2004
Volume 131, Issue 1
  • ISSN: 0040-7518
  • E-ISSN: 2352-1163

Abstract

Abstract

This article examines how and why Venetians wrote on walls in the early modern period. From the Piazza San Marco area – the city’s political and religious heart – to the peripheral quarantine island and the ducal prisons, it analyses the locations and meaning of official and subversive writing practices, using archival, archaeological, and visual sources. By first examining accepted forms of writing and drawing on walls and pillars, the article aims to offer a broader contextualization of the graffiti and placards that attacked those in power. Social historians have shown that ordinary people were integral to pre-modern political dynamics. Yet Venice is still often portrayed as , an exceptionally serene city-state, an image constructed and projected during the late medieval and early modern period. A further investigation of subversive writings in the Venetian urban landscape can help to establish the political role of ordinary Venetians.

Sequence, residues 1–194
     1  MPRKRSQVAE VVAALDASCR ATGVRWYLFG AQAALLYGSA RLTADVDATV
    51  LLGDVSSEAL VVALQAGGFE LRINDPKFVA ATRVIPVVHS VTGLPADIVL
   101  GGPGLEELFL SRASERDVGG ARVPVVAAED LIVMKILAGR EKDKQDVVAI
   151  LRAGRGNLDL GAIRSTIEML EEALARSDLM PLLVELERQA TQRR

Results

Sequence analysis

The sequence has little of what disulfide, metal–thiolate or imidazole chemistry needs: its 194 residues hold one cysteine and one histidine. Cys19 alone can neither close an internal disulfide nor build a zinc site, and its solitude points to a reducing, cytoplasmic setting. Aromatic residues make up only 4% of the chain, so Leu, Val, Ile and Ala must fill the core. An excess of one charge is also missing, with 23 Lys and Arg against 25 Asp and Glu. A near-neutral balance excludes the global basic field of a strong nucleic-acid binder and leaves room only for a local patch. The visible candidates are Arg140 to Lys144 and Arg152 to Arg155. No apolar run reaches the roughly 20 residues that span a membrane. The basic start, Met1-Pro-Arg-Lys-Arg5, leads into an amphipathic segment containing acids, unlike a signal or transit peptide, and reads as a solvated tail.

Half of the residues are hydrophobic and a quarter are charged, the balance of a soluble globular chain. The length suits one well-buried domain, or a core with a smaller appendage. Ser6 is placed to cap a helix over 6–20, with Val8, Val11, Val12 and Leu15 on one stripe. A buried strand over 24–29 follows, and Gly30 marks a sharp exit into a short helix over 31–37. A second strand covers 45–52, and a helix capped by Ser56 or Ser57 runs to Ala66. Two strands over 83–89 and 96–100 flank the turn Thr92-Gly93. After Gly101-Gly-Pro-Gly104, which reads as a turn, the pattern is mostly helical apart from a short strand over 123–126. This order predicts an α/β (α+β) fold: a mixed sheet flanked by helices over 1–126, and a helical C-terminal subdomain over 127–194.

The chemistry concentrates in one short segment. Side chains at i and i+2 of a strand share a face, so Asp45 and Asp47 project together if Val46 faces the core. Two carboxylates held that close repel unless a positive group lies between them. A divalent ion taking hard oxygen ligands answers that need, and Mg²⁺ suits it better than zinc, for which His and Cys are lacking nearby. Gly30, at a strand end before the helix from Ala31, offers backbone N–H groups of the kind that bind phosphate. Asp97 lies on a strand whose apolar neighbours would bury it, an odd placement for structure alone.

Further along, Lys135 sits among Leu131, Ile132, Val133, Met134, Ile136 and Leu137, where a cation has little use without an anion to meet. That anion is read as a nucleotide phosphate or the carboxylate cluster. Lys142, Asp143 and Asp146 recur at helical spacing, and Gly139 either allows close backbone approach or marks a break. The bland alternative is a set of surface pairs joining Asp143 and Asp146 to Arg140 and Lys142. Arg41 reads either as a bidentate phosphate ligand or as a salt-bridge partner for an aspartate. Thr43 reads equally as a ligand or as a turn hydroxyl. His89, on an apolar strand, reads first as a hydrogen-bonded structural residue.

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/content/journals/10.5117/TVGESCH2018.1.GELD
2018-03-01
2021-10-24
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  • Article Type: Research Article
Keyword(s): early modern Venice; graffiti; popular politics; urban history
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